This blog focuses on the law in Pennsylvania and West Virginia (and other practical issues that arise) when a family member or friend is unfortunately lost due to an accidental death.
Published: October 14, 2016
By: Richard Ogrodowski
Although the below case, which involves the tragic death of an 11-day-old child, pertains to a criminal statute, it is important to civil matters from the standpoint of how the judiciary looks at the plain language of a statute when interpreting the statute.
In West Virginia v. Louk, 237 S.E.2d 219 (W.Va. 2016), the defendant injected methamphetamine when she was thirty-seven weeks pregnant. Hours later, the defendant suffered acute respiratory distress caused by the methamphetamine. Due to concerns the fetus was being deprived of oxygen, a doctor performed an emergency C-section. A forensic pathologist, who performed the autopsy on the child, stated the child was born “essentially brain dead” from a lack of oxygen. Id. at 222. A Nicholas County, West Virginia Grand Jury indicted the defendant on one felony count of child neglect resulting in death pursuant to W.Va. Code Section 61-8D-4a. A jury later convicted defendant. She was sentenced to be incarcerated for three to fifteen years. The defendant appealed the conviction.
On appeal, the West Virginia Supreme Court of Appeals addressed this issue: “whether a pregnant woman who ingests a controlled substance which results in harm to her subsequently born child can be charged with child neglect resulting in death, as set forth in W.Va. Code Section 61-8D-4a.” Id. W.Va. Code Section 61-8D-4a provides: “If any parent, guardian or custodian shall neglect a child under his or her care, custody or control and by such neglect cause the death of said child, then such parent, guardian or custodian shall be guilty of a felony ….” Id. at 222-23.
The defendant argued that an “unborn child” or “fetus” is not a “child” under W.Va. Code Section 61-8D-4a and thus the statute did not apply to her.
After reviewing the plain language of the statute and other statutes passed by the West Virginia Legislature that specifically mention and define “fetus” and mention “unborn child,” the West Virginia Supreme Court of Appeals held that W.Va. Code Section 61-8D-4a does not mention “fetus” or “unborn child.” As such, the court further held that the child neglect resulting in death statute does not encompass prenatal acts. Id. at 228. Because the statute does not apply to a fetus or unborn child or to prenatal acts, the court vacated the conviction and remanded the matter to the circuit court for the entry of a judgement of acquittal. Id.
This case is an example of the difficult issues that a court can face in civil and criminal matters. Yet, the court must follow the plain language of a statute as written and passed by the legislature.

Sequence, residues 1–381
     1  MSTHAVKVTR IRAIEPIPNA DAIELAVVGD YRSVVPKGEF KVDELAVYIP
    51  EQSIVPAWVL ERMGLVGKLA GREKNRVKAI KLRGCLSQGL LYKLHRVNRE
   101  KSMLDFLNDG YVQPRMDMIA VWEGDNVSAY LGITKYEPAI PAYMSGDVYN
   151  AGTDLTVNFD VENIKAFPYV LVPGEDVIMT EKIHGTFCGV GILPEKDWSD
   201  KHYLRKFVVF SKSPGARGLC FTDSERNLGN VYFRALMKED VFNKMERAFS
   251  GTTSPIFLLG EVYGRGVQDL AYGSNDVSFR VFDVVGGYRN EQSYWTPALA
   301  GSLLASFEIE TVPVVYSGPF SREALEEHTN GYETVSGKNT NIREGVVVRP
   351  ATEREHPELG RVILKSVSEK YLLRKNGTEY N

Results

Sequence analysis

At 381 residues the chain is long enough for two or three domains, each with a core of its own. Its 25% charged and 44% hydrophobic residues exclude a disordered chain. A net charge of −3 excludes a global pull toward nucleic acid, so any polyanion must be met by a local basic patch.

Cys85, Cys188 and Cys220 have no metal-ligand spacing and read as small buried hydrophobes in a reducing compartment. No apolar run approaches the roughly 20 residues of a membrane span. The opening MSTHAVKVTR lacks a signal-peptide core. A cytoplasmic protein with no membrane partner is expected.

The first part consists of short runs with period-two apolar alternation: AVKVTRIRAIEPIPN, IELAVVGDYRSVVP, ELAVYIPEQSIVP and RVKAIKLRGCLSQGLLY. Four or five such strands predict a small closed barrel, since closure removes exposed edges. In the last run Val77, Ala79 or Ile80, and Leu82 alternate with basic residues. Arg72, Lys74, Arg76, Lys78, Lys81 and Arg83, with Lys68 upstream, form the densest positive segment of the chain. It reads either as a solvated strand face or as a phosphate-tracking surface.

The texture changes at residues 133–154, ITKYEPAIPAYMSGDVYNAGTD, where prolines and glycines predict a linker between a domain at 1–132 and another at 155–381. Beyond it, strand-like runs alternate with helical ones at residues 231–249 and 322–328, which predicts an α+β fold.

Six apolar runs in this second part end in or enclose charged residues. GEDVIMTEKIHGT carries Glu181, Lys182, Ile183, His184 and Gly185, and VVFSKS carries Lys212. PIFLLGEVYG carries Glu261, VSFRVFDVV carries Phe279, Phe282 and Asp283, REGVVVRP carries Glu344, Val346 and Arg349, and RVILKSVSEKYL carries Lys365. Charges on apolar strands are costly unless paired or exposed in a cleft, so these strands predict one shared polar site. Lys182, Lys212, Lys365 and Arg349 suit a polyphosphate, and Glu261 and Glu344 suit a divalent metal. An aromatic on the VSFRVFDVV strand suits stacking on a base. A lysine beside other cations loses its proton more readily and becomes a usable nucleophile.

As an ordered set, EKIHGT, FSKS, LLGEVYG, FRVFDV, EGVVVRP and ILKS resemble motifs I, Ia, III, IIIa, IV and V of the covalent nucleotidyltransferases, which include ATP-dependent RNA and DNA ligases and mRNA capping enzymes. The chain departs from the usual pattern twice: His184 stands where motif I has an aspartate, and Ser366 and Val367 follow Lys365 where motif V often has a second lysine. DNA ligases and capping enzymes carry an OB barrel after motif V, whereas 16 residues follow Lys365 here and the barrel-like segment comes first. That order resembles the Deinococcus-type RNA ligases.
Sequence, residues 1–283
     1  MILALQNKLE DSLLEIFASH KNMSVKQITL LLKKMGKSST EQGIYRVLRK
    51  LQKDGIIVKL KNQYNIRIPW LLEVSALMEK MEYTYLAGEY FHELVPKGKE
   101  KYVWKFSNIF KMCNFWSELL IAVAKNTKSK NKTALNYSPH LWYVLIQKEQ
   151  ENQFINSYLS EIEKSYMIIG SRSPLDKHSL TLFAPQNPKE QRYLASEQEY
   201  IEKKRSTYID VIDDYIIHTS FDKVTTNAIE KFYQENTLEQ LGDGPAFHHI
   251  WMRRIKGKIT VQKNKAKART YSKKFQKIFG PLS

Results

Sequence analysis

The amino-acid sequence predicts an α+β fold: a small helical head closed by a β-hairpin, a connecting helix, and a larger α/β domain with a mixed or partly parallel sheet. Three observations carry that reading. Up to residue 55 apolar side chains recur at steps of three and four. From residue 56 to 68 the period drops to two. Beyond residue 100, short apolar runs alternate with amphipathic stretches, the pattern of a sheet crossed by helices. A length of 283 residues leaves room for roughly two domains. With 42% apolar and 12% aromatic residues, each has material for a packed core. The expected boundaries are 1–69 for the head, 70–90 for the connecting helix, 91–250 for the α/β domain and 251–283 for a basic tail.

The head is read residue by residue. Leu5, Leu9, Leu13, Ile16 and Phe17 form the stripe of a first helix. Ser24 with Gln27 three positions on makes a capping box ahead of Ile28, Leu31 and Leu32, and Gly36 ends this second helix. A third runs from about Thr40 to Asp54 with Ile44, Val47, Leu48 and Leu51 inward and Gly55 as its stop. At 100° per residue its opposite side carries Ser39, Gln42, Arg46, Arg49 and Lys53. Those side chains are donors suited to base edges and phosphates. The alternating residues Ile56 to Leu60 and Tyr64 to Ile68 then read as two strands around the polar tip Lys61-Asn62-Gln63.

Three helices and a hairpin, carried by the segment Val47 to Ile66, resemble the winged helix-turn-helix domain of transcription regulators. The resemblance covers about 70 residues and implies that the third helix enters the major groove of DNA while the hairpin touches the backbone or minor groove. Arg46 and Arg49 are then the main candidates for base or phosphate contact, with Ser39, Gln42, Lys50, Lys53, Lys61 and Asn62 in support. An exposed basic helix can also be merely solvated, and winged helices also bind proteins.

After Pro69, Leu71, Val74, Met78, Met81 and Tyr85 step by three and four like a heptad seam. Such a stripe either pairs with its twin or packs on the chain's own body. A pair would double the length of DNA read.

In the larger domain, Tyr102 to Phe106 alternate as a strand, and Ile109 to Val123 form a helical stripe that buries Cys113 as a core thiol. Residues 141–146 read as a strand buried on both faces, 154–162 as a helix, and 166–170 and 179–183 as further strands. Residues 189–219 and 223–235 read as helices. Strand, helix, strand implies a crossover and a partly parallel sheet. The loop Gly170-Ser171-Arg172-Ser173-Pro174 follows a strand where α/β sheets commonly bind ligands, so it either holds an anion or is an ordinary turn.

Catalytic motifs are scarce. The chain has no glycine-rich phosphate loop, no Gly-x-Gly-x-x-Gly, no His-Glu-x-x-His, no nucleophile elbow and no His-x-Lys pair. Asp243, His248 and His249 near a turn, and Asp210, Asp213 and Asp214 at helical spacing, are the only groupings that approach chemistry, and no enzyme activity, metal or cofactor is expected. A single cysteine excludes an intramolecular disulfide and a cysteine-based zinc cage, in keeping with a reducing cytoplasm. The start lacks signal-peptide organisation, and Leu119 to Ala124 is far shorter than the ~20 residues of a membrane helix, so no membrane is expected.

Published: January 8, 2014
By: Richard Ogrodowski
This post focuses on the very basics of a wrongful death action in West Virginia. W.Va. Code § 55-7-5 et seq.
What is a wrongful death action in West Virginia? West Virginia permits the recovery of damages due to the death of a person from a wrongful act, neglect, or default. W.Va. Code § 55-7-5. If damages are recovered, they “shall be distributed to the surviving spouse and children, including adopted children and stepchildren, brothers, sisters, parents and any persons who where financially dependent upon the decedent at the time of his or her death or would otherwise be equitably entitled to share in such distribution ….” W.Va. Code § 55-7-6(b). However, “if there are no such survivors, then the damages shall be distributed in accordance with the decedent’s will or, if there is no will, in accordance with the laws of descent and distribution” as contained in the West Virginia Code. W.Va. Code § 55-7-6(b).
Who can bring a wrongful death action in West Virginia? The wrongful death action “shall be brought by and in the name of the personal representative of such deceased person….” W.Va. Code § 55-7-6(a).
What are the recoverable damages in a wrongful death action in West Virginia? A jury, or if there is no jury, the court, may award a broad array of damages. The authority for this is in W.Va. Code § 55-7-6(b): “In every such action for wrongful death, the jury, or in a case tried without a jury, the court, may award damages as to it may seem fair and just, and, may direct in what proportions the damages shall be distributed ….” Further, the wrongful death statute specifies that “[t]he verdict of the jury shall include, but may not be limited to, damages for the following: (A) Sorrow, mental anguish, and solace which may include society, companionship, comfort, guidance, kindly offices and advice of the decedent; (B) compensation for reasonably expected loss of (i) income of the decedent, and (ii) services, protection, care and assistance provided by the decedent; (C) expenses for the care, treatment and hospitalization of the decedent incident to the injury resulting in death; and (D) reasonable funeral expenses.” W.Va. Code § 55-7-6(c)(1).
What is the statute of limitations for a wrongful death action in West Virginia? “Every such action shall be commenced within two years after the death of such deceased person, subject to the provisions of section eighteen, article two, chapter fifty-five.” W.Va. Code § 55-7-6(d).